The Centre for Addiction and Mental Health is launching an external review of its process when it comes to passes and privileges for patients.
The review comes in the wake of Zhebin Cong’s disappearance after the 47-year-old was allowed to leave the country while on a day pass from CAMH.
Cong, who has a violent past, was found not criminally responsible for the gruesome death of his roommate in 2014 due to mental illness.
CAMH has faced enormous criticism following Cong’s disappearance, specifically how someone with a background like Cong can just leave.
“During recovery, over several months and years, there is an increasing ability for individuals to leave the environment, first accompanied and then with greater levels of freedom. Cong was on that process,” said CAMH President and CEO Dr. Catherine Zahn who could not provide any additional information on how Cong was able to leave the country.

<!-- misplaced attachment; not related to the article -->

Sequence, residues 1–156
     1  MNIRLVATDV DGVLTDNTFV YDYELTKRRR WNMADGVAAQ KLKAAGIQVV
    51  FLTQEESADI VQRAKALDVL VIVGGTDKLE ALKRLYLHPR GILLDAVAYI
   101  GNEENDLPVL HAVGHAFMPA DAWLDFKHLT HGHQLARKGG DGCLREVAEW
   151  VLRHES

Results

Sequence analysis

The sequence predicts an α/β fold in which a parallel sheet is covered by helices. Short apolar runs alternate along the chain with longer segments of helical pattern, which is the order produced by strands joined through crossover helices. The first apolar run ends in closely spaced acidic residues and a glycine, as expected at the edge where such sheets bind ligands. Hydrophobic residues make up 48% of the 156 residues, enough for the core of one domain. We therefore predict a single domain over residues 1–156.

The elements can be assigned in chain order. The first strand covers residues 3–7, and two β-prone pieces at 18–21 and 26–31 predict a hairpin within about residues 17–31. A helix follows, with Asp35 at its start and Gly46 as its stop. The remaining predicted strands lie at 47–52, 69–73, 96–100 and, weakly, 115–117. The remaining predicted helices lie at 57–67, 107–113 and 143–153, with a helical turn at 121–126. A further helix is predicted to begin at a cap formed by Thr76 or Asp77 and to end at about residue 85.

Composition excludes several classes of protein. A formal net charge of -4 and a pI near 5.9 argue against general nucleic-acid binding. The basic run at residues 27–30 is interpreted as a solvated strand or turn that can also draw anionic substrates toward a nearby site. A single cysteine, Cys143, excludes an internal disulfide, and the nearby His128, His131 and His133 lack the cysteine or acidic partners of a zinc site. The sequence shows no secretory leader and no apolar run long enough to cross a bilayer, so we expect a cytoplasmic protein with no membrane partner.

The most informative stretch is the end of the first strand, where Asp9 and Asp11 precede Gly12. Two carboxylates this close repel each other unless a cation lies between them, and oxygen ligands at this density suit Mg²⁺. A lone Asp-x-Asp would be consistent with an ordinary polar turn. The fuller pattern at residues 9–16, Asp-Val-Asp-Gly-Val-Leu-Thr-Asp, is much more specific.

“People with mental illness, including severe and complex mental illness, do improve. Our job is two-fold: to protect community and safety but also to help individuals recover from their mental illness.”
Cong was reported missing from CAMH on July 3. Toronto police said they searched for almost two weeks for him before learning he had fled the country the same day that he went missing.
When asked if there is a “gap” between CAMH and Toronto police, Zahn said they have “excellent relationships with the police and excellent communications.”
Zahn says they hope to complete the review by years end.
The CAMH review is one of several that have been launched following Cong’s disappearance including by Toronto police and the Ontario solicitor general’s office.